UW News

June 27, 2013

UW gas-, electric-powered cars claim 1st and 2nd in national contest

UW News

Racecar competing in Lincoln, Neb.

The UW Formula Motorsports race car runs through drills at the competition in Lincoln, Neb.Bradley Freeman, UW

Seattle is a long way from Detroit, but the West Coast team claimed a key win in last weekend’s student race car competition.

The University of Washington Formula Motorsports team took first place at the Formula Society of Automotive Engineers competition held June 19-22 in Lincoln, Neb. It’s one of the largest U.S. competitions that challenges engineering students to design and build a small race car fit for an amateur driver.

The UW student-built car – decked out in Husky purple, gold and white – placed high in several categories and clinched the overall win among a field of nearly 80 national and international teams. The overall win is a first for the student-run UW team, now in its 24th year.

“We were quite excited about the win,” said Daniel Wageman, technical director for the UW team and a graduate student in mechanical engineering. This is Wageman’s sixth year building a car and competing. “This year’s team was really strong and hardworking.”

Follow the team on Facebook and Twitter as it competes at Formula Student Germany, July 30-Aug. 4.

The national competition this year included a first-ever electric car category. The UW team placed second overall out of 20 registered teams in the electric-powered division. A Brazilian university, Universidade Estadual de Campinas, won the competition.

The UW team of students, mostly undergraduates, collectively spent close to 60,000 hours designing, building and testing the two cars, said Evan Marquardt, public relations team lead and a 2013 graduate in mechanical engineering.

“It’s a pretty staggering undertaking,” Marquardt said.

In each competition, no single factor determines a win. Cars must first pass a stringent technical inspection, then are tested on factors including acceleration, fuel economy, design, endurance and team business plans.

Endurance, however, tends to make or break a team’s chance of winning, Marquardt said. Cars must drive 22 kilometers (about 14 miles), a feat that less than half of the teams accomplished at the national event last weekend. The UW team took first in this category.

“We prioritize design and endurance,” Marquardt said. “Our overarching team goal is not to build the fastest or lightest car, it’s to get the most points.”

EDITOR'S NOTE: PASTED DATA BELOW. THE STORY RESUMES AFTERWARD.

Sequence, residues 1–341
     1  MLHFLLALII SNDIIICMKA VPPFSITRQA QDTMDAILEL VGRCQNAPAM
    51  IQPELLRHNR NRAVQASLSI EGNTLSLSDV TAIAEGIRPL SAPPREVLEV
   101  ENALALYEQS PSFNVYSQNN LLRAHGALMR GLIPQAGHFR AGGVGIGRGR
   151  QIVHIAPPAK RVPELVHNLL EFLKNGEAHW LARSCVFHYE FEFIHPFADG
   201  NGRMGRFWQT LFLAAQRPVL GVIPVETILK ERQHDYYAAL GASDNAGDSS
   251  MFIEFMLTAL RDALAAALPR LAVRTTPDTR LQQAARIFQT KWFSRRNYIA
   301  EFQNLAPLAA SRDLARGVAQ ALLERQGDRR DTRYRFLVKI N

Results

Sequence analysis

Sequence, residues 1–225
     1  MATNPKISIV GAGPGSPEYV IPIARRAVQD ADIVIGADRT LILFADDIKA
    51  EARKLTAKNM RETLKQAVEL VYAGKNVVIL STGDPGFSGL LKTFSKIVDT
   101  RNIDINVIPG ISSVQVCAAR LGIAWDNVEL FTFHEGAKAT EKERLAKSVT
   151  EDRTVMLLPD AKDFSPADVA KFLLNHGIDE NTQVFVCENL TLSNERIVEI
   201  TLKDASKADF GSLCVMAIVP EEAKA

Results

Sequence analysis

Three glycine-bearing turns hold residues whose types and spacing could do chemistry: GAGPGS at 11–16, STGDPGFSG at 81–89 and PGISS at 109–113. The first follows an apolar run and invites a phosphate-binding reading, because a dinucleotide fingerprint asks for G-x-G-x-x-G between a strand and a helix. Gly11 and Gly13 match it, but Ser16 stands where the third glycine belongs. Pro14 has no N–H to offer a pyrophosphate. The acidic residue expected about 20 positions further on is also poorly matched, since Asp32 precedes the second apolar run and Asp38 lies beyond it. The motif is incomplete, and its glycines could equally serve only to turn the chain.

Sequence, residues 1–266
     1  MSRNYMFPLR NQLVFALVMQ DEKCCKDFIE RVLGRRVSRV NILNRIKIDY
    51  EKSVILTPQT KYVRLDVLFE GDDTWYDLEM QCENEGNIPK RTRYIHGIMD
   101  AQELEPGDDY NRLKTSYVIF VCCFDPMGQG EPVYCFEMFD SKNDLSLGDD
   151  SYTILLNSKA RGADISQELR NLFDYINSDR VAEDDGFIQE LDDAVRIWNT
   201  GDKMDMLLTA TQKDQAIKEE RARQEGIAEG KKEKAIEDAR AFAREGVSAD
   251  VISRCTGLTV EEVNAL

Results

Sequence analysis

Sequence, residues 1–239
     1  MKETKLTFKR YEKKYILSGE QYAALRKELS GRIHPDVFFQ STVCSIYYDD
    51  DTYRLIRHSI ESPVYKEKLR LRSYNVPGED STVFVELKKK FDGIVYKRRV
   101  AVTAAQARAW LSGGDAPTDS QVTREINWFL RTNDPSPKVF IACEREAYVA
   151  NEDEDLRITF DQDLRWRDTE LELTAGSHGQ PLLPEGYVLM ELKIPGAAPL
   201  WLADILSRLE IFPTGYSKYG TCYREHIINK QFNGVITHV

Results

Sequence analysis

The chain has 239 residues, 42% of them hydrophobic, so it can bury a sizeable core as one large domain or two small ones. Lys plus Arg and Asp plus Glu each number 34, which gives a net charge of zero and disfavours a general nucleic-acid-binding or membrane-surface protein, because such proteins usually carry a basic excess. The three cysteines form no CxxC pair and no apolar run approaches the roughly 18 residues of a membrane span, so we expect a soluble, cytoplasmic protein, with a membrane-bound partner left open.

This year’s car is based on last year’s, with some noted improvements. It’s lighter, has greater downforce and is more powerful. They finished the manufacturing in April, and began testing systems and driving the car to prepare for the competitions this summer.

The electric-powered car was built using an identical chassis and suspension system as the gas-powered model, but with different powertrains. The students designed a lithium-ion battery pack that feeds into an inverter, then into the motor itself. The battery is powerful enough to light a row of houses for a couple of minutes. Team members say they plan to continue developing their electric race car for future contests.

The UW team is competitive and student directors interview undergraduates who express interest in joining. The school year is rigorous – students design the race car during fall quarter, then start building it in December or January. They push to finish manufacturing by April so they can test the car’s systems and practice driving before the summer. Each spring, the following year’s directors begin designing the basic framework for the next year’s car.

With no automotive engineering courses at the UW, almost all of the work is self-taught or passed down through team members, Marquardt said. Participants learn to document everything through detailed written reports.

“This program is what makes us good engineers,” Marquardt said. “It’s very independent learning and it’s incredibly valuable to the students.”

The UW team received about $300,000 from alumni, fundraising and sponsorships, as well as in material donations to build this year’s cars. Students designed and built their cars mainly in the mechanical engineering machine shop on campus. The team’s faculty adviser is Ashley Emery, a UW professor of mechanical engineering.

The UW’s gas-powered car will compete next month at Formula Student Germany, a six-day competition that begins July 30. The UW placed 14th last year and hopes to take its car further this year against 75 student teams from 20 different countries. They are on the waiting list to compete in the electric-car division.


For more information, contact Marquardt at uwfsae@uw.edu or 360-920-0176.